Purefoy Family Crest, Coat of Arms and Name History
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The old history of the name Purefoy started soon after 1066 when the Norman Invasion of England occurred. It was a name given to a man of true faith. The name originally acquired from the Old French pure-fay which meaning one who was staunch and true. It is only in the last few hundred years that the English language has standardised. For that reason, Anglo-Norman surnames like Purefoy are characterised by many spelling variations. Authors and priests in the Middle Ages spelt names they sounded, so it is common to find several variations that refer to a single person. As the English language changed and incorporated components of other European languages such as Norman French and Latin, even literate people regularly changed the spelling of their names. The variations of the name Purefoy include Purefoy, Purefield, Purefree, Purefrey, Purfrey, Purfry and much more. More common variations are: Puriefoy, Pureifoy, Purefoey, Purrefoy, Peurefoy, Purfoy, Purefy, Purifoy, Purofoy, Purefoi.
The surname Purefoy first discovered in Leicestershire where they held a family seat from very early times and granted lands by Duke William of Normandy, their liege Lord, for their distinguished assistance at the Battle of Hastings in 1066 AD.
Some of the people with the surname Purefoy who arrived in the United States in the 19th century included Thomas Purefoy, who settled in Virginia in 1621. Thomas Purefoy, who landed in Virginia in 1621. Lucy Purefoy, who landed in Virginia in 1629. Lucy Purefoy, who settled in Virginia in 1629. Samuell Purefoy, who settled at St. Christopher (New England) in 1633.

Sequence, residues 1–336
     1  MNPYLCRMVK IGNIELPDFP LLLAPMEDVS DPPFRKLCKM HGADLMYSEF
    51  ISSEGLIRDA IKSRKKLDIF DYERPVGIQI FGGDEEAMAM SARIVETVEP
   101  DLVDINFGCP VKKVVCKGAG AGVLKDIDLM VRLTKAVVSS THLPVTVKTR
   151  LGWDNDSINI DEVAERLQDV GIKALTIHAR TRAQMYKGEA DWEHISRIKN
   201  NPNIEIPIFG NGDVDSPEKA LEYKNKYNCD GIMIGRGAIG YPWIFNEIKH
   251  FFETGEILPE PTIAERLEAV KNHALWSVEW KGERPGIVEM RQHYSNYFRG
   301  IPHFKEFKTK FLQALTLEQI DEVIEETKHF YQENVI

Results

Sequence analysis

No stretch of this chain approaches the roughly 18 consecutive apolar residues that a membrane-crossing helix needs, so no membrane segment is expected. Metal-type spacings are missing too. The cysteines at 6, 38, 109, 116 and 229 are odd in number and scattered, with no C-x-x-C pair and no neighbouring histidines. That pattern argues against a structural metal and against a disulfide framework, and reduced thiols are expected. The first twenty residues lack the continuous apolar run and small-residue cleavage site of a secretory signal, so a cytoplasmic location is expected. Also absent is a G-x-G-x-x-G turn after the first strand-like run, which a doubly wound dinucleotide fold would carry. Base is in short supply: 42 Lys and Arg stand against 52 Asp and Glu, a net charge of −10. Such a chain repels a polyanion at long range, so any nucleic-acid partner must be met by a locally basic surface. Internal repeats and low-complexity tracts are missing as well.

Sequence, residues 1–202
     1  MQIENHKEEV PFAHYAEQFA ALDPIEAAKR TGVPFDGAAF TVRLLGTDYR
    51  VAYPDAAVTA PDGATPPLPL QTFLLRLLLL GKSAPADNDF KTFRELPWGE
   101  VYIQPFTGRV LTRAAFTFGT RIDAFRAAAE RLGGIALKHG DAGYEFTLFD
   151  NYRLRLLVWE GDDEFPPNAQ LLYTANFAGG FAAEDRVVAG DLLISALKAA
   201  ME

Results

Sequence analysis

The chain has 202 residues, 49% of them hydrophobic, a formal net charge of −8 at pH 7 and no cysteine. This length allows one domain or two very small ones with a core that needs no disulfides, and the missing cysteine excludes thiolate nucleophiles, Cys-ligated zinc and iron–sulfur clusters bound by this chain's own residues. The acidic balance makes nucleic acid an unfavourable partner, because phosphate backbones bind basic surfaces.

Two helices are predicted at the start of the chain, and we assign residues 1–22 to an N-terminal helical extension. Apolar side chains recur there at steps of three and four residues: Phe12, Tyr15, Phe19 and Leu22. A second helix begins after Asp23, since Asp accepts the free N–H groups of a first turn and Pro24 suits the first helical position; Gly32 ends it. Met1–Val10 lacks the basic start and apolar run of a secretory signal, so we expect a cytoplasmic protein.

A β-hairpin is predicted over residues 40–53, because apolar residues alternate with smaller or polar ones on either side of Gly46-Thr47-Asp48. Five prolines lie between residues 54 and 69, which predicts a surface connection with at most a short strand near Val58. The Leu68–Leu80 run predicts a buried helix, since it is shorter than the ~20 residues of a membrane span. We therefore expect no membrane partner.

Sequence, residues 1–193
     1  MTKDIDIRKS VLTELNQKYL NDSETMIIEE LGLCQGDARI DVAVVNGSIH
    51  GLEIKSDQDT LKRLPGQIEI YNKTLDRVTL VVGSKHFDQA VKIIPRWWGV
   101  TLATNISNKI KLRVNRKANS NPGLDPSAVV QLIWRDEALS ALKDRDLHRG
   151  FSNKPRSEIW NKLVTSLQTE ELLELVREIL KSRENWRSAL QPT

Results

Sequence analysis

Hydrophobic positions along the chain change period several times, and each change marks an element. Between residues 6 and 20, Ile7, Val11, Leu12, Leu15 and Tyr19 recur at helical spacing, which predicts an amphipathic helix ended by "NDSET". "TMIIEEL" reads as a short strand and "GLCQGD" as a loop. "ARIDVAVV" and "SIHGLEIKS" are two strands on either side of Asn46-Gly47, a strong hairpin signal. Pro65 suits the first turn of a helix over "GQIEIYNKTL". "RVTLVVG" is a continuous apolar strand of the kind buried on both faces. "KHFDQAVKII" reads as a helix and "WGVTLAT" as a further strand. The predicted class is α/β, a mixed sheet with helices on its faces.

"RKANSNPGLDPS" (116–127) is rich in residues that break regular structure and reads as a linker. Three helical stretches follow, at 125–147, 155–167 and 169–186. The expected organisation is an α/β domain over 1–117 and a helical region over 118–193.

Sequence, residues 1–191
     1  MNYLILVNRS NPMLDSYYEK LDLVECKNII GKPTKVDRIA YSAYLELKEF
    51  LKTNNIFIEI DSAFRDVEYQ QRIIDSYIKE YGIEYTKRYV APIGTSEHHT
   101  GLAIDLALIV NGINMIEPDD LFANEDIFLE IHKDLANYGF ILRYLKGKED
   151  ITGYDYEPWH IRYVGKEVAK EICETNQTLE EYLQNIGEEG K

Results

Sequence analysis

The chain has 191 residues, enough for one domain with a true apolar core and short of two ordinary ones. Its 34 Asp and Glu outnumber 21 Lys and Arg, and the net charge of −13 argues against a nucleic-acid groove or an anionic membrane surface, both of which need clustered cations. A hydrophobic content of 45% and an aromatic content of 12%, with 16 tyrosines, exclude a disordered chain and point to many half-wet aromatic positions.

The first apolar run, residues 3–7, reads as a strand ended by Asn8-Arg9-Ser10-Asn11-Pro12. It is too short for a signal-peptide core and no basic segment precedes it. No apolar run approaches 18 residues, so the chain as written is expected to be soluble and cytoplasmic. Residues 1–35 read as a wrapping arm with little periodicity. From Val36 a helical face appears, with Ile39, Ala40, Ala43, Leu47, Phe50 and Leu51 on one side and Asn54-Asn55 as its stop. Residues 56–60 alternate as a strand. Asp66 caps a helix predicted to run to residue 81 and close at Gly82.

Blazons & Genealogy Notes
1) (co. Leicester). Gu. a saltire engr. ar betw. four mullets or.
2) Sa. three pairs of dexter hands conjoined or, ruffled ar. Crest—A demi talbot ramp. sa. ducally gorged or.
3) (Shadlestone, co. Bucks). Gu. three pairs of hands addorsed ar.
4) (Misterton and Drayton, co. Leicester; seated at the former place 1277, and at the latter 1397. The branches were Purefoy, of Barwell, Wolvershill, Shalleston, Wadley, &c.). Sa. six armed hands in pairs embracing, two and one ar. Crest—A dexter gauntlet or, the inside az. fingers grasping a broken tilting-spear of the second.
5) (Caldecote, co. Warwick; confirmed by Camden. Clarenceux, to William Pubefoy, Esq., of Caldecote, tenth in descent from Philip Purefoy, Esq., of Newnham, same co.). (co. Tipperary; descended from Michael Purefoy, Esq., of Caldecote, co. Warwick, escheater for that county, temp. Mary I., second son of Thomas Purefoy, Esq., of Drayton.) Sa. six armed hands in pairs embracing, two and one ar. Crest—In a dexter gauntlet ar. a broken tilting-spear or.
6) Gu. three pairs of hands couped hand in hand ar.
7) Gu. two arms issuing from the sides of the escutcheon, hand in hand ar. betw. three human hearts or (another adds, a crescent in fess).
8) (co. Kent). Sa. six armed hands clasped ar. Crest—A dexter hand holding a garland of flowers ppr.
9) (Bagwell-Purefoy, Greenfield, co. Tipperary; exemplified to Edward Bagwell, Esq., Lieut. 3rd Dragoon Guards, on his assuming, by royal licence, 1847, the additional surname of Purefoy, in compliance with the will of William Purefoy, Esq., of Greenfield). Motto—En bonne foy. Quarterly, 1st and 4th, sa. three pairs of hands conjoined, one and two or, ruffled ar., for Purefoy; 2nd and 3rd, paly of six ar. and az. on a chief gu. a lion of the pass, of the first, for Bagwell. Crest—A hand in armour grasping a broken lance all ppr.
10) (co. Kent). Sa. six armed hands clasped ar. Crest—A dexter hand holding a garland of flowers ppr.
11) Gu. two arms issuing from the sides of the escutcheon, hand in hand ar. betw. three human hearts or (another adds, a crescent in fess).